Since 2012, the Grand Sport Vitesse has been the fastest series production roadster on the planet.
The level of engineering in the Bugatti Veyron is still tough to fully grasp, even though it hasn't been manufactured in over half a decade.
The Veyron stormed into the automotive arena, coined the term "hypercar," and became more insane with each iteration by breaking records in its wake. The Chiron merely picked up where the Veyron left off. It wasn't just the coupe, either, but the convertible Grand Sport version that set records in the convertible department that few have dared to challenge.
Released in 2012, the Bugatti Veyron Grand Sport Vitesse never lost any ground to competitors. At the Goodwood Festival of Speed this year, Bugatti brought out all of its record holders as an early celebration of the 10th anniversary of this roadster record.
"Minus the roof, the Veyron 16.4 Grand Sport Vitesse demonstrates just how unparalleled Bugatti's engineering expertise is. Although the weight distribution is completely different when the roof is down, the vehicle remains stable and accelerates just as impressively as it does with the roof closed," explains Christophe Piochon, President of Bugatti Automobiles. "With the Veyron 16.4 Grand Sport Vitesse, Bugatti proved it was possible to build an open-top hyper sports car with very high performance and power output that drives extremely dynamically and very comfortably."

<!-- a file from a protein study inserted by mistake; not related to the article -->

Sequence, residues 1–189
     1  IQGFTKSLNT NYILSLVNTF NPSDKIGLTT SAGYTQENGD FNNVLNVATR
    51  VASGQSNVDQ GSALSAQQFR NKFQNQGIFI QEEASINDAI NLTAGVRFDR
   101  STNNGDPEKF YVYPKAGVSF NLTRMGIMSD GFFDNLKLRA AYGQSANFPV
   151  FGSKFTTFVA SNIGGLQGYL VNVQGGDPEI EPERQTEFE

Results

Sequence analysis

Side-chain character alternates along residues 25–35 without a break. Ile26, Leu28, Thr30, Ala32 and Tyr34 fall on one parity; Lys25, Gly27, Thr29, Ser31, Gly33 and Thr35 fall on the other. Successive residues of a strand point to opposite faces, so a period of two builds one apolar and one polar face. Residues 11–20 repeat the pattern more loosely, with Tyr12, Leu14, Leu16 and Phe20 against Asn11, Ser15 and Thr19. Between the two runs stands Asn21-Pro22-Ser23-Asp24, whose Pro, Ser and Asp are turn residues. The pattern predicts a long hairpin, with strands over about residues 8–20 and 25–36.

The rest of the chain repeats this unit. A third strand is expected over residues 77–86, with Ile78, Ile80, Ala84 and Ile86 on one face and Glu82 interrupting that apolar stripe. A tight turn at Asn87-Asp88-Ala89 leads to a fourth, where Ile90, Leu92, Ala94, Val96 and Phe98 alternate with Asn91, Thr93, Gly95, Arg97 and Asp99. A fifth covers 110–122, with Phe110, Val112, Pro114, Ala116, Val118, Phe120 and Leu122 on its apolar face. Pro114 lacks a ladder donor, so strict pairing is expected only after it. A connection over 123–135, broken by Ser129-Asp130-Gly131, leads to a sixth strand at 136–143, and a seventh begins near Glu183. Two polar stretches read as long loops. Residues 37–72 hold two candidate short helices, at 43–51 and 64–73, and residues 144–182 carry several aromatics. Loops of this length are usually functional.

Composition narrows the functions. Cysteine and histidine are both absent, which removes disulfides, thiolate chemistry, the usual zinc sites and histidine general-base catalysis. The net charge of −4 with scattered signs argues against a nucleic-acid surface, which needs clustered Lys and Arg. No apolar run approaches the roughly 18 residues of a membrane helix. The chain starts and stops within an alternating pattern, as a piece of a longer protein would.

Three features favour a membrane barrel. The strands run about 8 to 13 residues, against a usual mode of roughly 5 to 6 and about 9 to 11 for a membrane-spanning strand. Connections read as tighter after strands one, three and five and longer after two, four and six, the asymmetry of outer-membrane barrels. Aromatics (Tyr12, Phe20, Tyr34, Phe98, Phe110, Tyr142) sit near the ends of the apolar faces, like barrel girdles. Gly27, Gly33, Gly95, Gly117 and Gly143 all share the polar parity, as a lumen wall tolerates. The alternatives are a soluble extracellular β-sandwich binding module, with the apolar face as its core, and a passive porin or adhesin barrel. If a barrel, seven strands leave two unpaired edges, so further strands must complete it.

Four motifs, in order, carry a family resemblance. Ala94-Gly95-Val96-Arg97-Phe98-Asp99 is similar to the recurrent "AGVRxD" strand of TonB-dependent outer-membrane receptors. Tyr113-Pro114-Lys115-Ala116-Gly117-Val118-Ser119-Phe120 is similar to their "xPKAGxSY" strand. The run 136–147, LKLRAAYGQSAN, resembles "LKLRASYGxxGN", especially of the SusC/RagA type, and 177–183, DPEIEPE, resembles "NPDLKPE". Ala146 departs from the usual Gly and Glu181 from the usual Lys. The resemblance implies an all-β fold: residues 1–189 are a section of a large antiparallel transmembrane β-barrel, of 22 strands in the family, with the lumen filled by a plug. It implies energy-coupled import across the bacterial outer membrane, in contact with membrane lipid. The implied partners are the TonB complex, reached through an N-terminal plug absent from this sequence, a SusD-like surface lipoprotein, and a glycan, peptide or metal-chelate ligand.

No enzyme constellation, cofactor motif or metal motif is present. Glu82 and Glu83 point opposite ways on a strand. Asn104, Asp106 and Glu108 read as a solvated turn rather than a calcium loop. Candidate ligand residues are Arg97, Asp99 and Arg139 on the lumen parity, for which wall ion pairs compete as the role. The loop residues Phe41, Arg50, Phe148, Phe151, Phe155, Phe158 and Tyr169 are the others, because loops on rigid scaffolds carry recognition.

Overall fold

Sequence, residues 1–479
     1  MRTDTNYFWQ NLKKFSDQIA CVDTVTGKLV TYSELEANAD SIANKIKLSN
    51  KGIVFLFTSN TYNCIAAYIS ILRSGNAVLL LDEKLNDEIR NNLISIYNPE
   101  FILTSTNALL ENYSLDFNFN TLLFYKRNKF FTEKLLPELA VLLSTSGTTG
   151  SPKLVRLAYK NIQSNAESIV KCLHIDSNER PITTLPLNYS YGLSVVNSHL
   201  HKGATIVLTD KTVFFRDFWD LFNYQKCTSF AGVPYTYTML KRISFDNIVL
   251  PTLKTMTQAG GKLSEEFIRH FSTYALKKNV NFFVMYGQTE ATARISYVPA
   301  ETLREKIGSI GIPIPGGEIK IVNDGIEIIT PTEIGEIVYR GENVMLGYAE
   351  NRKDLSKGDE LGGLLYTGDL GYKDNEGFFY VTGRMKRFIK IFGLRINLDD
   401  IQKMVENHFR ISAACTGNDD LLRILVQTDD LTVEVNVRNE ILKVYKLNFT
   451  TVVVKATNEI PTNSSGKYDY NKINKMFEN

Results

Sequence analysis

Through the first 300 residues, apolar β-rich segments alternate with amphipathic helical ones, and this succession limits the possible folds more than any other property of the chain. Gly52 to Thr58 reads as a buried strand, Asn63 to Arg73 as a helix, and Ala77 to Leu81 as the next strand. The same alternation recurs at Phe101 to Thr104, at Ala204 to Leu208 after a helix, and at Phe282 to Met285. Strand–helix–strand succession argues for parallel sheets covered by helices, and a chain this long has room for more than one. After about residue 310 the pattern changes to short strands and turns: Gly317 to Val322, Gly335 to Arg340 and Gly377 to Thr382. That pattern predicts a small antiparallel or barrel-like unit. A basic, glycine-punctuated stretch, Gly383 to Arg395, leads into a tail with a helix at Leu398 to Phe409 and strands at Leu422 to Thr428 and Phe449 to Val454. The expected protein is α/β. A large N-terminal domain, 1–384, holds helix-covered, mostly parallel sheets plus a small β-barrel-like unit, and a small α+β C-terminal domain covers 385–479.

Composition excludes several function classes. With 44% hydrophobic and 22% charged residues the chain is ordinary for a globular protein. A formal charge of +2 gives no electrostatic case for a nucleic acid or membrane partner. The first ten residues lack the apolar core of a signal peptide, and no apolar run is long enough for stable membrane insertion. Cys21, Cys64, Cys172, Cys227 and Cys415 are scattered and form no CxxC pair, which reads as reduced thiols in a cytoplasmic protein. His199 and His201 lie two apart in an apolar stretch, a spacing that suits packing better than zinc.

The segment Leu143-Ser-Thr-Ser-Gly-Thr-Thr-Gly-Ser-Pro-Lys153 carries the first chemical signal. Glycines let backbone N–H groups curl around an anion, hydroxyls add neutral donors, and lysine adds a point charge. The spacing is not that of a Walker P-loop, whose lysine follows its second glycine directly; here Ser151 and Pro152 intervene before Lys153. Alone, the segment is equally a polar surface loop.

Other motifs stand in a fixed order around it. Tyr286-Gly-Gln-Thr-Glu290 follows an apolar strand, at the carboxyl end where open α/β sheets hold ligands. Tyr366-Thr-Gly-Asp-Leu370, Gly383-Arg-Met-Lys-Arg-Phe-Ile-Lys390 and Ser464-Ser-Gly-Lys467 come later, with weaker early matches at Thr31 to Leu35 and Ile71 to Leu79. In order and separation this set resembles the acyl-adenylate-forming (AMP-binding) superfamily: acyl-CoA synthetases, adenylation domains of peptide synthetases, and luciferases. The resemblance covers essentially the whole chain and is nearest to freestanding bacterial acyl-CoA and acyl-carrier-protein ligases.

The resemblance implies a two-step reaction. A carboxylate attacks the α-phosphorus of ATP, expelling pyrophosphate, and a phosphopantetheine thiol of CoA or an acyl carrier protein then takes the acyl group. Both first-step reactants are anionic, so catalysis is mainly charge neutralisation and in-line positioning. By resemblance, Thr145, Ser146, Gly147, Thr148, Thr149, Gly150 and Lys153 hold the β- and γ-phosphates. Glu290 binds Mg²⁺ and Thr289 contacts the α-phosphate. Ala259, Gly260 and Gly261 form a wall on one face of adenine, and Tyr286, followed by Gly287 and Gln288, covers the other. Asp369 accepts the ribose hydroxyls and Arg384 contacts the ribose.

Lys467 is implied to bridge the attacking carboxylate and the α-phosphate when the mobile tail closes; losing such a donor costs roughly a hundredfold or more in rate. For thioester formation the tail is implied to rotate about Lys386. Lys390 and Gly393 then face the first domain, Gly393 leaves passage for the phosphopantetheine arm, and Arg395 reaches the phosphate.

If you need a refresher on the Bugatti Veyron Grand Sport Vitesse, it was a hyped-up version of the Grand Sport roadster that used the 1,184 horsepower powertrain from the Super Sport.
The consumer demand was there to build the most powerful production roadster and provide an even faster open-top experience.
After a German TUV-verified two-way run, the Veyron Grand Sport Vitesse hit 254 mph (408.84 km/h), a top speed record that remains untouched for series production vehicles.
The only asterisk here is the Hennessey Venom GT Spyder, which reached a higher speed in a single direction run only and was produced in highly limited numbers, making it a dubious claim for a series production car.
That's why Bugatti, and many others, believe the record still belongs to the French hypercar manufacturer.
The question now is whether anyone will be able to beat Bugatti's efforts - Hennessey's prior claim notwithstanding.
In July 2021, Bugatti told CarBuzz that it would not build a Chiron sans roof. Production of the Chiron has also now drawn to a close in the middle of this year. This leaves the upcoming Hennessey Venom F5 Roadster - which will be a full production vehicle developed in-house by Hennessey and which the brand says is confident can top the speeds of the old car.
The closed-roof Veyron's top speed records were bested by the Koenigsegg Agera RS - technically a convertible car, but with its runs completed in closed-roof fashion - in 2017, which to this day is the fastest certified production vehicle.
Many may point to the 2019 run in which Bugatti used a modified Chiron to hit 304.77 mph as the day Bugatti reclaimed the record, but as this vehicle was a prototype, one which "visually inspired" the Chiron Super Sport 300+ run of 30 units, we're not so sure we can call it a production car.
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